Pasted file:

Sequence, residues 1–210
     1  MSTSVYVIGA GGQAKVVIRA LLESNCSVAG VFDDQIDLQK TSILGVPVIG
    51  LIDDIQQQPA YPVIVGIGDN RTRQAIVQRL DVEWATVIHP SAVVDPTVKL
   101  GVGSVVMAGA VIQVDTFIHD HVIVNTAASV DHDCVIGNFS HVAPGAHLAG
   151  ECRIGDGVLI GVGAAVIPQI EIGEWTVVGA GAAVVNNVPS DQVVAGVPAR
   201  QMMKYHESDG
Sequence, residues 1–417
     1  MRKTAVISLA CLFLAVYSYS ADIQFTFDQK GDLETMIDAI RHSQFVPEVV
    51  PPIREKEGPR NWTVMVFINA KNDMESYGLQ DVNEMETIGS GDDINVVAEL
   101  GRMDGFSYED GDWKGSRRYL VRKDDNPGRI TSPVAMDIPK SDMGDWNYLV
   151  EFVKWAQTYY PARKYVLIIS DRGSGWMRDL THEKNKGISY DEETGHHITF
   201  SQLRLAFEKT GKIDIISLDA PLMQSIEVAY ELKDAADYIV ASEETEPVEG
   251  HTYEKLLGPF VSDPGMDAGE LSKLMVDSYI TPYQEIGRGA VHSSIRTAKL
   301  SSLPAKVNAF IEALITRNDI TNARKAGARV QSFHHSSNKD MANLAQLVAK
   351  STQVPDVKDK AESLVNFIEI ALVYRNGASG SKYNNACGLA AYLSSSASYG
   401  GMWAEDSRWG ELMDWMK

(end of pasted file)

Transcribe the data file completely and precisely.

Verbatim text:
Sequence, residues 1–210
     1  MSTSVYVIGA GGQAKVVIRA LLESNCSVAG VFDDQIDLQK TSILGVPVIG
    51  LIDDIQQQPA YPVIVGIGDN RTRQAIVQRL DVEWATVIHP SAVVDPTVKL
   101  GVGSVVMAGA VIQVDTFIHD HVIVNTAASV DHDCVIGNFS HVAPGAHLAG
   151  ECRIGDGVLI GVGAAVIPQI EIGEWTVVGA GAAVVNNVPS DQVVAGVPAR
   201  QMMKYHESDG
Sequence, residues 1–417
     1  MRKTAVISLA CLFLAVYSYS ADIQFTFDQK GDLETMIDAI RHSQFVPEVV
    51  PPIREKEGPR NWTVMVFINA KNDMESYGLQ DVNEMETIGS GDDINVVAEL
   101  GRMDGFSYED GDWKGSRRYL VRKDDNPGRI TSPVAMDIPK SDMGDWNYLV
   151  EFVKWAQTYY PARKYVLIIS DRGSGWMRDL THEKNKGISY DEETGHHITF
   201  SQLRLAFEKT GKIDIISLDA PLMQSIEVAY ELKDAADYIV ASEETEPVEG
   251  HTYEKLLGPF VSDPGMDAGE LSKLMVDSYI TPYQEIGRGA VHSSIRTAKL
   301  SSLPAKVNAF IEALITRNDI TNARKAGARV QSFHHSSNKD MANLAQLVAK
   351  STQVPDVKDK AESLVNFIEI ALVYRNGASG SKYNNACGLA AYLSSSASYG
   401  GMWAEDSRWG ELMDWMK